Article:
January is over at long last and as we welcome February, the month of love, and couples all over the world start to think about ways to celebrate Valentine’s day. From luxury boxes of chocolates to beautiful professional bouquets of flowers like these from Tewkesbury Florist the Flower Shed, do many of us actually know the origins of valentine’s day and why it is that on 14th February each year we all celebrate love with one another? Well, here you can find out…
There are many stories about the original Saint Valentine, which all differ from one to another, so a lot of the earliest origins are shrouded in thousands of years of mystery. Most historians would agree that it was something that started with the Romans. In the Roman days, a feast was held between 13th – 15th February, which was the start of the agricultural year and was held to bring fertility. This date has stuck, but the festival certainly changed a lot!
A few centuries later, the Pope, who wanted to get rid of the traditional pagan festivals and replace them with Catholic celebrations, replaced the Roman festival of Lupercalia with Saint Valentine’s Day to honour two martyred Christians who were named Valentine and were executed by the Roman Emperor Claudius II. Although it was still a day of fertility, gone were the wild naked Roman parties that were used to celebrate the day and it became much more sedate.
Over the years, the day became a popular way of romance, with young sweethearts sending one another cards as far back as the middle ages, and of course it was William Shakespeare who also made romantic references to the day, making it more popular. The celebrations made their way around different parts of the world as travel around the world started to increase, and of course during the Industrial Revolution and the Victorian era it started to become something that we are more familiar with it being today.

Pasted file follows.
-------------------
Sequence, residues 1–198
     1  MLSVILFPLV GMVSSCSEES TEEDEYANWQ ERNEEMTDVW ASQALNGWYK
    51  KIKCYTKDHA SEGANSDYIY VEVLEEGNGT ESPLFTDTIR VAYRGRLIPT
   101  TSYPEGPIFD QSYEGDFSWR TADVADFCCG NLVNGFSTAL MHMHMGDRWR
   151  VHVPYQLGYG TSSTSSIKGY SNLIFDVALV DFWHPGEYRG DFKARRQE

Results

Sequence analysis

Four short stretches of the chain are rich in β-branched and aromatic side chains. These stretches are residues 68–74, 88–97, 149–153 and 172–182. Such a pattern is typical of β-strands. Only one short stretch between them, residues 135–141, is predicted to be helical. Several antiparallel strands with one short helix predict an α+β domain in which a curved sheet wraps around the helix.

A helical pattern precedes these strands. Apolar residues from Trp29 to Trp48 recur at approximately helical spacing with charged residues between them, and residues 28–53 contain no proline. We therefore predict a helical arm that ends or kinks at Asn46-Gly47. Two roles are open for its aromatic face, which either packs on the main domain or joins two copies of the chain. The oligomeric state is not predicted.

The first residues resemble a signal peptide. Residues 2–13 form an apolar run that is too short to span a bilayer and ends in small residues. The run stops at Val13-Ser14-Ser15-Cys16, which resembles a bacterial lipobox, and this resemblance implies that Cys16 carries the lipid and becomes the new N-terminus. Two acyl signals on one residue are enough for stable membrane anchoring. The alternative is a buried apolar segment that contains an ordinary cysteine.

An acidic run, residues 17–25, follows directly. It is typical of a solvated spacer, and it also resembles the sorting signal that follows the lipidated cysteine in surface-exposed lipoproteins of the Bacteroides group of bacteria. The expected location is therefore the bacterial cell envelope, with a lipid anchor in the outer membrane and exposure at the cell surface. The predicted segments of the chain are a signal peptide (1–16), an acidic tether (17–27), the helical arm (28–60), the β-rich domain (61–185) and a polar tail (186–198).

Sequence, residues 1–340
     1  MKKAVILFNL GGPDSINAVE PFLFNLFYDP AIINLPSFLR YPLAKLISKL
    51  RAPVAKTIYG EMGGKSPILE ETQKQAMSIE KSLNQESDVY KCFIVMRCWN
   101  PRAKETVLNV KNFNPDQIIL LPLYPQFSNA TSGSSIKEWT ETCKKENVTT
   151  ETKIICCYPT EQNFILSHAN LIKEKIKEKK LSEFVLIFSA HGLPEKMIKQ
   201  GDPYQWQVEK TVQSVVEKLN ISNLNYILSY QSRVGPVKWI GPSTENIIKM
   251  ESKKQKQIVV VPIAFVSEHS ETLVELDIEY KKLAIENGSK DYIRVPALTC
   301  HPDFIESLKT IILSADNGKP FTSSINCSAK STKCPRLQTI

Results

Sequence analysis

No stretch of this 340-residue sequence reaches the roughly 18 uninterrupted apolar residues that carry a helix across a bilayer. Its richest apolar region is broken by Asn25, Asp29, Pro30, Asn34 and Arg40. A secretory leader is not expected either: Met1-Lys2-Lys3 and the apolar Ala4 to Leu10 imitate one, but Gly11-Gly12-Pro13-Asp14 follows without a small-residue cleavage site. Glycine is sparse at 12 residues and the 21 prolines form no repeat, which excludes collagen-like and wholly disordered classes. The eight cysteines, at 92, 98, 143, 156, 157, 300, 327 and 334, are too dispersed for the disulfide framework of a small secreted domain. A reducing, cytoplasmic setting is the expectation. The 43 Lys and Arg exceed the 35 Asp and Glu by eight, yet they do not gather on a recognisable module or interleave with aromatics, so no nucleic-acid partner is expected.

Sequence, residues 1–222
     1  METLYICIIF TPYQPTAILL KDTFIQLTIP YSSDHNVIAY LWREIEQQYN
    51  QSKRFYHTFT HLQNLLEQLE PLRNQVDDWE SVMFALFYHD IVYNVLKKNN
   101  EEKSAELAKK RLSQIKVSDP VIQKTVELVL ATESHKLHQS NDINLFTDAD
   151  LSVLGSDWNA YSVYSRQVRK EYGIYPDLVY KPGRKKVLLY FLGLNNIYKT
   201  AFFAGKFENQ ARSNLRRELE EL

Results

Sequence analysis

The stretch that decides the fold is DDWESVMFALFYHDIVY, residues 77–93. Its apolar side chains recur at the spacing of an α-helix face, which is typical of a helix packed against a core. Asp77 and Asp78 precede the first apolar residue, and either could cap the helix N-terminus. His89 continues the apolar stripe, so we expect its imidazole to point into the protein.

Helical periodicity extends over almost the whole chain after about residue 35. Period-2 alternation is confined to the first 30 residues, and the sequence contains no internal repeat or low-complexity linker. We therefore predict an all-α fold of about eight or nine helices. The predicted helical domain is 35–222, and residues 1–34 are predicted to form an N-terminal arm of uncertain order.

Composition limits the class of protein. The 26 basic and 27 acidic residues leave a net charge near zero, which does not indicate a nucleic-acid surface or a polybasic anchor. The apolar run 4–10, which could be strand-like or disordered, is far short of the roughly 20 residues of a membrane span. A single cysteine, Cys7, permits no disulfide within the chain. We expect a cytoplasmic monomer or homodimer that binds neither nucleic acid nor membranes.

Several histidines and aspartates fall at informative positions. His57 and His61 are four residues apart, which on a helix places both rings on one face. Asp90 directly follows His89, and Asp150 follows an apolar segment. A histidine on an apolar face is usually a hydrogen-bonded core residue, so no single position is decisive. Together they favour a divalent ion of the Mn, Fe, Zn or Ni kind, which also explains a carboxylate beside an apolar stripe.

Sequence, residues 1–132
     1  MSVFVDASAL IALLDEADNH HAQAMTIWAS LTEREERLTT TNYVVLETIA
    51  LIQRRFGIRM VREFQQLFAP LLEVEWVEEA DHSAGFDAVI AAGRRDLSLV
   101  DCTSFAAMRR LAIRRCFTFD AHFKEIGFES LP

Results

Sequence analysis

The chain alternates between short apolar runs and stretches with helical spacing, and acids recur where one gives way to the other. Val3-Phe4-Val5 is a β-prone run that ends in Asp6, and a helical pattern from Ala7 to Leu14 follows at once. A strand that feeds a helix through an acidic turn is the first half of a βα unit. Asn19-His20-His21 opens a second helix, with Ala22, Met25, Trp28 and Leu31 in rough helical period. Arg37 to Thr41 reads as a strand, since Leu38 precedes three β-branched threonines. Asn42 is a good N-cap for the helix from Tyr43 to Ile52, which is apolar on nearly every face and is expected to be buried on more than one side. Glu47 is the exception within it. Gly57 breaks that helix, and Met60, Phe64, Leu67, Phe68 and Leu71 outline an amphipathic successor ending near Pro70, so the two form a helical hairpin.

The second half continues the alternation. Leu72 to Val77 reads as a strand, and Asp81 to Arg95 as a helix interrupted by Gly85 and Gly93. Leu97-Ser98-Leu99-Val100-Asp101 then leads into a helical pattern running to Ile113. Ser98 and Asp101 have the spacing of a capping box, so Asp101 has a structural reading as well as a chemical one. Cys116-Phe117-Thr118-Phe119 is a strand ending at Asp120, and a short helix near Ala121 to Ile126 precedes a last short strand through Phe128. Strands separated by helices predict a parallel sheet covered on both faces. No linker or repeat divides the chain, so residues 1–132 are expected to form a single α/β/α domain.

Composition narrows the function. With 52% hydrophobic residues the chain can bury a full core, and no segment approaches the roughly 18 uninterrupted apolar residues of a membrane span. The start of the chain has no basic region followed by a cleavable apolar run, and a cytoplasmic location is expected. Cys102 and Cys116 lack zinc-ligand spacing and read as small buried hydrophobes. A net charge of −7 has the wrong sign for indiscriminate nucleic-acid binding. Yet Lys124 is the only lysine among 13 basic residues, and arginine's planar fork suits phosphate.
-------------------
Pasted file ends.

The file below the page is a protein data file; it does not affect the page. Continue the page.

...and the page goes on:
Because of the new factories that were popping up everywhere during this time, there was money to be made from everything. So of course, greetings cards companies jumped on the bandwagon, taking it that step closer to the very commercialised day that it is now. Victorians loved greetings cards (although many Victorian era cards were a little strange by our modern standards!) and of course, Valentine’s Day became a big hit in the UK, as well as in America, where factories also opened to create cards for celebrating Valentine’s Day.
So if you are stressing about what to buy your beloved, or trying to book a table at the most romantic restaurant in town this year, just remember, it isn’t really about love at all – it was a fertility feast held at the start of the agricultural year!